You know, Donald Westlake and I have a lot in common. We both write under a pen name. Both of our novels feature moments of shocking violence. We both…write under pen names.
Okay, so maybe we aren’t so alike after all. But man, could that guy write.
I’ve been hearing about the Parker books for years (quick recap for the uninitiated—Westlake is the author’s real name, Stark is the pseudonym, Parker is the character), but for whatever reason I never checked them out.
Until a few weeks ago when I read Parker #1: The Hunter. And, as I’ve found several times over the past couple years (with J.K. Rowling, with Preston and Child, with George R.R. Martin‘s Fevre Dream, to name just a few), the reality is even more impressive than the hype.
The plot is as simple and old as any ever told—criminals plan a crime; afterward, there’s a double-cross (actually, a triple-cross); one man—Parker—is left for dead. But he isn’t dead. He’s alive and hungry for vengeance. Simple, right? So what is it, you ask, that makes Stark/Westlake so good?
Let me choose one moment from the novel to explain why this book worked so well for me and why I’ll be reading many Stark/Westlake novels in the future. But let me say one more thing first…
It’s sometimes said that there are three types of protagonists: positive, negative, and anti-heroes. With a negative lead, we might root for him, but we might feel bad for doing so because if society were to follow his lead, we’d all be in big trouble. Parker is a negative lead, but (based on this book, at least) negative doesn’t even begin to capture his amoral iciness.
The moment in The Hunter that perfectly demonstrates how accomplished a writer Stark is (gotta start saying “Stark”—the “Stark/Westlake” thing was driving me nuts; you too, huh?) involves Parker tying a woman up and gagging her. This woman, keep in mind, is a completely innocent bystander. But she represents a potential obstacle to the attainment of Parker’s goal, which is killing the man who double-crossed him. Parker binds and gags her and leaves her in her office to momentarily put aside an obstacle. Parker goes to a different room to eye the building he’s staking out, but his potential victim doesn’t show. When he goes back to the office in which the woman is bound and gagged, he finds her eyes bugging out and her face an unnaturally livid color.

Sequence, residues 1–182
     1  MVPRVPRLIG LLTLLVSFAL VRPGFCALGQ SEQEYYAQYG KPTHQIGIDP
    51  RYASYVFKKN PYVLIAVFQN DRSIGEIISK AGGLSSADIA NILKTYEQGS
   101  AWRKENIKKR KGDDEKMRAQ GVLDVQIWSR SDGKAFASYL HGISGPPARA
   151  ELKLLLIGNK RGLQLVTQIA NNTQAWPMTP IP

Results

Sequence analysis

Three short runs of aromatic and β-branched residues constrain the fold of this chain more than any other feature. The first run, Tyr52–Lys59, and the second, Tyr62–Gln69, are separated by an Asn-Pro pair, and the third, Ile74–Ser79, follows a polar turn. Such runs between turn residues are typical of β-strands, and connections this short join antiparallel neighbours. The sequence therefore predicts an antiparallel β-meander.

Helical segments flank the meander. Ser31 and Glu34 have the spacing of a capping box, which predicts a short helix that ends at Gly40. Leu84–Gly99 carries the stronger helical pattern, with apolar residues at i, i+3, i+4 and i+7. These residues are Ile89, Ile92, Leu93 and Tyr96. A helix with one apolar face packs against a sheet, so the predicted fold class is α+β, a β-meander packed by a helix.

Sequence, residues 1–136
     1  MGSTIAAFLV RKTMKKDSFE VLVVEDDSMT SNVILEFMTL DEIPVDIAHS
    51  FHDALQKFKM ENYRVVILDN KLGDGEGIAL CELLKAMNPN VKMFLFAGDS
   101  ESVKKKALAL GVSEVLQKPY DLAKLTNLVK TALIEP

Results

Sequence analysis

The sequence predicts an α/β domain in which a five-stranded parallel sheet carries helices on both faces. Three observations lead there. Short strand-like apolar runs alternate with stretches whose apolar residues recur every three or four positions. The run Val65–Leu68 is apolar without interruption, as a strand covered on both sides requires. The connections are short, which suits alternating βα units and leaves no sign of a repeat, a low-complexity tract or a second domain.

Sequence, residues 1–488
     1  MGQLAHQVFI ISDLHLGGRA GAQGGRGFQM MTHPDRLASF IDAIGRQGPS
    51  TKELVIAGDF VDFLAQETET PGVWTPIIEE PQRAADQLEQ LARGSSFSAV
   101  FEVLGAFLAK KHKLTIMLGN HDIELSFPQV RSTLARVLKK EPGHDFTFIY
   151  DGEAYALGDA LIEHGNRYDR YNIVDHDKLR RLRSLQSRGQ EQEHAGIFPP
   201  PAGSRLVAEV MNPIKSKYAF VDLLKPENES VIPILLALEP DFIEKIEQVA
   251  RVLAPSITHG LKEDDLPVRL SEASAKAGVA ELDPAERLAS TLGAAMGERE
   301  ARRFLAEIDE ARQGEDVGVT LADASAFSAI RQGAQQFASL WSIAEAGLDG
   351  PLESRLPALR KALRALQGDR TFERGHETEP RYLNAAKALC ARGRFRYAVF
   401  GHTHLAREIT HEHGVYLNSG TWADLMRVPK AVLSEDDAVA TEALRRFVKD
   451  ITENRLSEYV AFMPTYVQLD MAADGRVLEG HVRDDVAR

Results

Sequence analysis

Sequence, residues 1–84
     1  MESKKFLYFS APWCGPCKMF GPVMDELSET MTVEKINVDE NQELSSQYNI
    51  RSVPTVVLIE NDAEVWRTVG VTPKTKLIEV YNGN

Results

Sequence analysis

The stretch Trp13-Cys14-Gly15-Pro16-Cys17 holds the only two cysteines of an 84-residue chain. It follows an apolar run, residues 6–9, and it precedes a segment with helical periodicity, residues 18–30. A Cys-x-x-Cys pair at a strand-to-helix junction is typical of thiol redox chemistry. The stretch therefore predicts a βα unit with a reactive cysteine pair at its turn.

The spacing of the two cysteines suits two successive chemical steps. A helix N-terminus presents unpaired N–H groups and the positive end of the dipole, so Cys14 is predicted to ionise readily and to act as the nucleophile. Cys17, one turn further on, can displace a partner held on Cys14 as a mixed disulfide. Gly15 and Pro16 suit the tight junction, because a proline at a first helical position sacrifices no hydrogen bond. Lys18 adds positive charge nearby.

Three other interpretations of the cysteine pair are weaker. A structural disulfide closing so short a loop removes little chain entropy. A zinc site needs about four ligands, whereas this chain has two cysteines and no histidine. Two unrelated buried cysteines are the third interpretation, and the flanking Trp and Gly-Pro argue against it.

She’s dead. He has inadvertently killed her. She apparently experienced some sort of respiratory or allergic medical event, and she died a horrible death, probably by suffocation. Parker’s reaction?
Mild annoyance. It bothers him that she now represents a potential hitch in his plans. What if, Parker wonders, this complicates things for him? What if this prevents him from killing his adversary?
Unspeakably cold, right?
So if you’ve never read Stark you’re shaking your head and saying, “What a sick, depraved character. What a sick, depraved book. What a sick, depraved writer to come up with such filth!” Okay, you’re probably not saying that because if you’re visiting this blog, you already know that effective fiction can get really, really dark. And yeah, Parker’s attitude is unconscionable, at least if we were to transfer it to our world.
But we’re not in our world; we’re in Stark’s. See, it’s an impossible phenomenon for me to describe, but maybe this’ll come close: Parker reminds us how primitive human beings can be. Parker is a mirror held up to our basest nature. When he kills a bad guy, we celebrate. We might not be proud of our reaction, but that inner beast is part of us whether we like it or not.
“Okay, Mr. Armchair Psychoanalyst,” you say, “then what about the suffocated secretary?”
What about her? the Stark fan asks. Parker didn’t mean to kill her, nor did he enjoy the fact of her death.
“But…but…,” you splutter, “he KILLED a woman and didn’t feel any remorse!”
The Stark fan’s answer? That’s how Parker rolls. An answer almost as cold and unfeeling as Parker himself.
“That doesn’t cut it,” you say. “You can’t root for a hero without a conscience.”
But the Parker fan knows that, while a conscience is an important trait for a human being, it’s not necessarily required for a great protagonist. Not when the protagonist is Parker.
Because Parker is determined. Man, is he determined. And we admire that. He’s also uncompromising. He lives by a code, and he sticks to that code regardless of the dangers of doing so. Parker is powerful—especially his hands. Stark fixates on and waxes poetic about Parker’s hands the way Tarantino lingers on women’s feet. It’s fetishistic, to be sure, and it’s mesmerizing. We want to know what Parker will do with those hands. But we don’t know what he’ll do with them, which is another thing we love about Parker. He’s unpredictable. And smart. To steal a phrase from Ben Affleck in Good Will Hunting, he’s wicked smart.
I’ll stop now. If you’re not convinced by now to read Stark’s ferocious hero, you’ll never be convinced. You’re likely still hung up on that poor secretary. Truth be told, I am too, else I wouldn’t be writing about her.
But I’m also going back for more Parker.
Wish me luck.